Dr. Kimberly Manning explains it fantastically:
I’ve virtually never regretted erring on the side of being more explicit about my expectations and my intents.
I like to distinguish between “distributed” and “remote”.
Being distributed is an intrinsic property - a team can be distributed, with no real central locus like an office.
Being remote is an extrinsic property - you’re remote from something, like a remote team in another country.
Your code lives in version control, with easy branching, reviewed changes, and tests, right?
Does your documentation?
By writing code in a non-standard fashion, we took on overhead that we would have not had to worry about had we stayed with the widely used platform defaults
Don’t underestimate the costs of doing your own thing.
Do you know what your full dependency graph looks like?
I built Emporium to get a better idea.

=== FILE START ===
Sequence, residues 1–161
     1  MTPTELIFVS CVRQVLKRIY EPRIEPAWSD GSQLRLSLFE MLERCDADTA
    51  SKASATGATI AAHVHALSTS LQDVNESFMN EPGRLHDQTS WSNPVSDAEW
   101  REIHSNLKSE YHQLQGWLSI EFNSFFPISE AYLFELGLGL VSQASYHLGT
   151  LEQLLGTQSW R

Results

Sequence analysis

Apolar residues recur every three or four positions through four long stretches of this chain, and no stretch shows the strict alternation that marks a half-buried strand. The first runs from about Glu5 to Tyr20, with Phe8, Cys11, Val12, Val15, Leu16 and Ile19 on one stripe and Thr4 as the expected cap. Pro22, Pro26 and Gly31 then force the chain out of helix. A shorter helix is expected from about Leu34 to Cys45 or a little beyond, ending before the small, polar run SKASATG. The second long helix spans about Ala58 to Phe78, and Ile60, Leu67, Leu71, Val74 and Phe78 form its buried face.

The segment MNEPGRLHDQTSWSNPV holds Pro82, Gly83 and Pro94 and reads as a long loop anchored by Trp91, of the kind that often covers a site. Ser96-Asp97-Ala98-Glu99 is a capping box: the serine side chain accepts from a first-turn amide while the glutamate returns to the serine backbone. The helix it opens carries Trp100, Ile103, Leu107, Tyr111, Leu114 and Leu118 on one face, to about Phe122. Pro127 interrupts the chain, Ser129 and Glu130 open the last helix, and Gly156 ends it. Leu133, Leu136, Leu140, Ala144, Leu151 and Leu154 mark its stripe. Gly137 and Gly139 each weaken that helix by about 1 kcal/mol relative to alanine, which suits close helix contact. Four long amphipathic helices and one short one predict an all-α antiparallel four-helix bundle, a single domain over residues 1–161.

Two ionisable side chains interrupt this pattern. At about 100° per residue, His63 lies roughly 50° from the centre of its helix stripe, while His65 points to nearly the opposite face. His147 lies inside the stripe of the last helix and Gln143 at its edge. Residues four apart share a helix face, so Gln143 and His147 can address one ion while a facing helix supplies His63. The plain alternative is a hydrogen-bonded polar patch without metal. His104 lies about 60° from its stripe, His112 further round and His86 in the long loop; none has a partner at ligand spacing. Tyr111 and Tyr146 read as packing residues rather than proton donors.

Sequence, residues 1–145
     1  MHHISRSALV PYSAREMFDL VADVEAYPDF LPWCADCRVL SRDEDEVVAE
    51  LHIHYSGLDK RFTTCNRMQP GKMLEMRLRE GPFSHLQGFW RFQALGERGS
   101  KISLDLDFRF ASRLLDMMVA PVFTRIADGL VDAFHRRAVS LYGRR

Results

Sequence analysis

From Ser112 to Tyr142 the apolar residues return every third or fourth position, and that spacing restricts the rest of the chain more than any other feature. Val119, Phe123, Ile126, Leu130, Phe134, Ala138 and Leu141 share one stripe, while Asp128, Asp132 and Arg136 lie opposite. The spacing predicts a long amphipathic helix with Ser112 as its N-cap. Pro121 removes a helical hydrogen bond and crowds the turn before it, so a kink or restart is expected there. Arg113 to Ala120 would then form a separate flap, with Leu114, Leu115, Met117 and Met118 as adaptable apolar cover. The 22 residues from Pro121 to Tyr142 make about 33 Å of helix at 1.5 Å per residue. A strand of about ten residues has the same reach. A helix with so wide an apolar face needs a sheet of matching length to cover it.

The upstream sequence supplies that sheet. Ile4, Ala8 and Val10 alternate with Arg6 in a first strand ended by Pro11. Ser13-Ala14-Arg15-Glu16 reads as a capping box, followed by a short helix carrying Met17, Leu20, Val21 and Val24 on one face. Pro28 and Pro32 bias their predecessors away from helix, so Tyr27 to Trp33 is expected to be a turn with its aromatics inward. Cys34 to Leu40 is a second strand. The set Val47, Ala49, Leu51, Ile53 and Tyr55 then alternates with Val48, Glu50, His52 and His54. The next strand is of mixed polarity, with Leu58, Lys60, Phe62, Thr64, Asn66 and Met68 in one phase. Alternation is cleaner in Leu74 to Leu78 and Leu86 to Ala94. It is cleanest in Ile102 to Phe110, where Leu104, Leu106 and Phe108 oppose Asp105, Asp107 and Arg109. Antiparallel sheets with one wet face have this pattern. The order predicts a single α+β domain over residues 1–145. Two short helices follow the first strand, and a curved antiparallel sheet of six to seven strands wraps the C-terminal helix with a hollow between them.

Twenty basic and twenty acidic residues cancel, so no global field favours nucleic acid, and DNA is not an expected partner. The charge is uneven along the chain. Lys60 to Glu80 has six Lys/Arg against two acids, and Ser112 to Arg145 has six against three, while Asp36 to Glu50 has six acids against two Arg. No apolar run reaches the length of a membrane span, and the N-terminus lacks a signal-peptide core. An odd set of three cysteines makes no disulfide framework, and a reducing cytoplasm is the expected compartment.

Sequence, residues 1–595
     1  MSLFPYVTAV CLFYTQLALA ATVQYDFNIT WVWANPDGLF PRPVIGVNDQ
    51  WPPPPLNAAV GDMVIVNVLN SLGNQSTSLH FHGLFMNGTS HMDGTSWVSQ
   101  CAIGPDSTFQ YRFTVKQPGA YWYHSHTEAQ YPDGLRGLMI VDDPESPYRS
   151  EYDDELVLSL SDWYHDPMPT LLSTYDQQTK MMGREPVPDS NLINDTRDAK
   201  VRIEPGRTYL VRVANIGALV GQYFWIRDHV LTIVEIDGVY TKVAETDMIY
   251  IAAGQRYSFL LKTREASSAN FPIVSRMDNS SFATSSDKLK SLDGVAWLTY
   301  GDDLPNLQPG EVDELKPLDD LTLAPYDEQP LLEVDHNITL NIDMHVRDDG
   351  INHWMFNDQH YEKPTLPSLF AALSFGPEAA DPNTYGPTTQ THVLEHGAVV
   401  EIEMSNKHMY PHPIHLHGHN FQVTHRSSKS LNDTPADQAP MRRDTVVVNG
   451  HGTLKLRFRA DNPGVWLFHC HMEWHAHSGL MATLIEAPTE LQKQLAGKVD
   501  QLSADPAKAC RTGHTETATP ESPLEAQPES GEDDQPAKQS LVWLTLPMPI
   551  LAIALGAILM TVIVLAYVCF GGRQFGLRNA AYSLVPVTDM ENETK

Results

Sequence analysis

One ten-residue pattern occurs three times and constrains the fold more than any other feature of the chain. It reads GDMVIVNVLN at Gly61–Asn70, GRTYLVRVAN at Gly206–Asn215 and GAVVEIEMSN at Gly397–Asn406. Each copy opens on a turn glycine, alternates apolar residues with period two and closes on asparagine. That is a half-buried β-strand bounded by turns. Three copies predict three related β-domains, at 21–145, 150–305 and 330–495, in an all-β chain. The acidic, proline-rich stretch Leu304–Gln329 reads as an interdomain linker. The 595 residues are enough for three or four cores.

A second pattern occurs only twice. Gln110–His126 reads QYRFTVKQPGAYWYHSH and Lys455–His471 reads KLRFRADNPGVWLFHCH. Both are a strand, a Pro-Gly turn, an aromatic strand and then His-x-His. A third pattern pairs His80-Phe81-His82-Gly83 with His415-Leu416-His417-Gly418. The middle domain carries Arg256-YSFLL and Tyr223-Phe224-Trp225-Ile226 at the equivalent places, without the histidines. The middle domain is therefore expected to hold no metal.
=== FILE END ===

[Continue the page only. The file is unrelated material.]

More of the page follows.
Emporium looks at libraries on the Python Packaging Index (PyPI), and analyses their dependencies.
For some libraries, that’s quite a small set - many have no dependencies at all, or a tiny handful at most.
Most of my Raspberry Pis run headless, with no screen. So the image I keep around is Raspbian Lite. It’s half the size of the “full” Raspbian-with-Desktop image, it has everything I usually want, and very little that I don’t.
But sometimes I find I want a GUI.
I don’t want to have to keep the full image around and re-image my Pi. Nor do I want to have to manually install the various components of a desktop environment.
I do want a single command that just “gives me a GUI”.